The “failure to warn” argument will be central to Onglyza heart failure lawsuits. It’s not as easy as it looks.
San Francisco, CAOnce the procedural wrangling is over, the argument that patients were hurt because drug manufacturers, AstraZeneca and Bristol-Meyers Squibb, failed to warn them of the dangers of Onglyza side effects will be at the heart of the Onglyza lawsuits.
But that argument is complicated, and facts can be ambiguous. Plaintiffs’ attorneys will march purposefully through showing that the drug is dangerous, the manufacturers knew or had reason to know of the danger, that they failed to warn patients and that patients were injured by the inadequate warning. AstraZeneca is waiting, watchfully.
Is Onglyza really dangerous?
The FDA’s 2016 decision to require a warning that Onglyza could increase the risk of heart failure would seem to put that question to rest. Not so fast, though.
The evidence that has emerged since the drug was first approved in 2009 has been surprisingly muddy. One study, sponsored by AstraZeneca, found no link between Onglyza and heart failure. Still another drew a fine distinction between an increased risk of heart failure (of which it found none) and the risk of hospitalization, for which there did seem to be evidence.
And when did the manufacturers know about the risk of Onglyza heart attack? Was it in 2009, when the FDA expressed reservations about the completeness of clinical studies? Or was it as late as 2015, when clinical trials suggested the existence of a connection. Why was the new warning not required until 2016? Eight years is a long time when the risk is deadly.
As court watchers have recently seen in the Johnson & Johnson talcum powder cases, a good defense counsel can make hay with warring scientific studies and a jumble of dates -- creating just enough doubt to sink a plaintiff’s case.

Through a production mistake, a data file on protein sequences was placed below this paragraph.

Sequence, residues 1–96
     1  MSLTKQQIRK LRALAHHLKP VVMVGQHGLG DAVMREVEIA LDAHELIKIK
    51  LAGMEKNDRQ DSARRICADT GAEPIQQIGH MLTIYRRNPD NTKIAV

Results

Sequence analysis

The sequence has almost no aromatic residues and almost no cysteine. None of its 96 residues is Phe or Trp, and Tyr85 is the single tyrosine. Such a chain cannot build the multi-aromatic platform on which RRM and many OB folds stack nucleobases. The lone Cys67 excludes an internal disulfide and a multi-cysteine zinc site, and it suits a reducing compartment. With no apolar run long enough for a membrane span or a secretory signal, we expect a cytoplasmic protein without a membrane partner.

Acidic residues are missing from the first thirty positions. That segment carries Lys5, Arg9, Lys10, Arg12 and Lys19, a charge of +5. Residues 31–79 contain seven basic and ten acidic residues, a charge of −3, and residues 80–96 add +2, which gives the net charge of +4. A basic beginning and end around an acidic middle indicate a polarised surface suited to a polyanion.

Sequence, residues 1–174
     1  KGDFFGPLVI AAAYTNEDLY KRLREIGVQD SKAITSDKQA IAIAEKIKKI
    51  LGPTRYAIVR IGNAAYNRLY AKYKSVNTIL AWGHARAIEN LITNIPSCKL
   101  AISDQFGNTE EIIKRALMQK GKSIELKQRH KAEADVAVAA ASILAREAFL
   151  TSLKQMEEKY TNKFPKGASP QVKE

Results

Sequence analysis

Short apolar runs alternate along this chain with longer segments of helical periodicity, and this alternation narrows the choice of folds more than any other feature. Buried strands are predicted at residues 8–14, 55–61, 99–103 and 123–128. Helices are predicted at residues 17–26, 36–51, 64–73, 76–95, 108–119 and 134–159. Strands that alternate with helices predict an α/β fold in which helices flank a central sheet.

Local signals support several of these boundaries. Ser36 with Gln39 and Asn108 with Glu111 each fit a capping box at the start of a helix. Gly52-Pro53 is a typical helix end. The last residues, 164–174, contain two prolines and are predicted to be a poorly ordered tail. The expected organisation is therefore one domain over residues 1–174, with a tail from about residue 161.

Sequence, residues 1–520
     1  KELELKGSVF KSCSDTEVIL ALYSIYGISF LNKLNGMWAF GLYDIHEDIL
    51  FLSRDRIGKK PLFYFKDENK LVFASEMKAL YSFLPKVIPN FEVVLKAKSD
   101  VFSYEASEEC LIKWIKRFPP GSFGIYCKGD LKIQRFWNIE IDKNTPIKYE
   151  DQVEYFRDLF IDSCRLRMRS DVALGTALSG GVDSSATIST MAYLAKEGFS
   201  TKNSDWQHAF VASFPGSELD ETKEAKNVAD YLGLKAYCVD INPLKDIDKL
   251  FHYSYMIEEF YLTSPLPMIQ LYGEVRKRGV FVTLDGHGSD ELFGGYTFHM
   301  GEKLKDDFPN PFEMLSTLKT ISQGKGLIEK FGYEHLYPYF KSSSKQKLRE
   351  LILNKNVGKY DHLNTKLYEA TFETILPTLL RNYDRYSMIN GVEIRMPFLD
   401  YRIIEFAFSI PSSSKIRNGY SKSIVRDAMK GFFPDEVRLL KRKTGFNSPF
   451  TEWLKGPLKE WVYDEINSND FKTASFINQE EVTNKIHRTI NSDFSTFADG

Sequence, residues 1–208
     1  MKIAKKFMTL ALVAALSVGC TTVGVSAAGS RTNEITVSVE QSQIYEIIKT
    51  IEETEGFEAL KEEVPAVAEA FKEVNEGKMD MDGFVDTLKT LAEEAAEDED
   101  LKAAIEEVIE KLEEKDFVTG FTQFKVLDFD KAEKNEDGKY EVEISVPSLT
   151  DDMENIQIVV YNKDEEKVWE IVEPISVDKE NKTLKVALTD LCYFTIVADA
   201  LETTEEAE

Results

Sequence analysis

When to warn of what?
At least for claim that the drug manufacturers failed to warn of the risk of heart failure, the 2016 warning label date creates a deadline. Although they may have other legal arguments, patients who began to take the drug only after 2016 probably cannot claim that they were hurt by a faulty warning. Since the drug was widely prescribed and symptoms may take years to develop, pre-2016 cases are likely to appear for years to come.
But the fact that earlier versions of the label warned of other side effects, including pancreatitis, pain and infections, complicates the issue for even those patients. These conditions may exacerbate or mask a cardiovascular issue. Could a warning about one condition mitigate AstraZeneca’s liability for the failure to warn of a related one?
Causation is the devil
The real problem, however, is that patients with Type 2 diabetes are already sick. Heart failure is one of the complications of the disease itself. Particularly if the cases go forward as individual lawsuits, defense counsel will look for every opportunity to argue that some other individualized cause, such as diabetes, a dental infection or a pre-existing heart murmur, rather than Onglyza, was the immediate case of a patient’s heart attack.
Pharmaceutical product liability cases can be an important way for patients to hold drug manufacturers accountable. But they are rarely quick, easy or straightforward. Plaintiffs should be prepared for drug companies to mount a vigorous defense.
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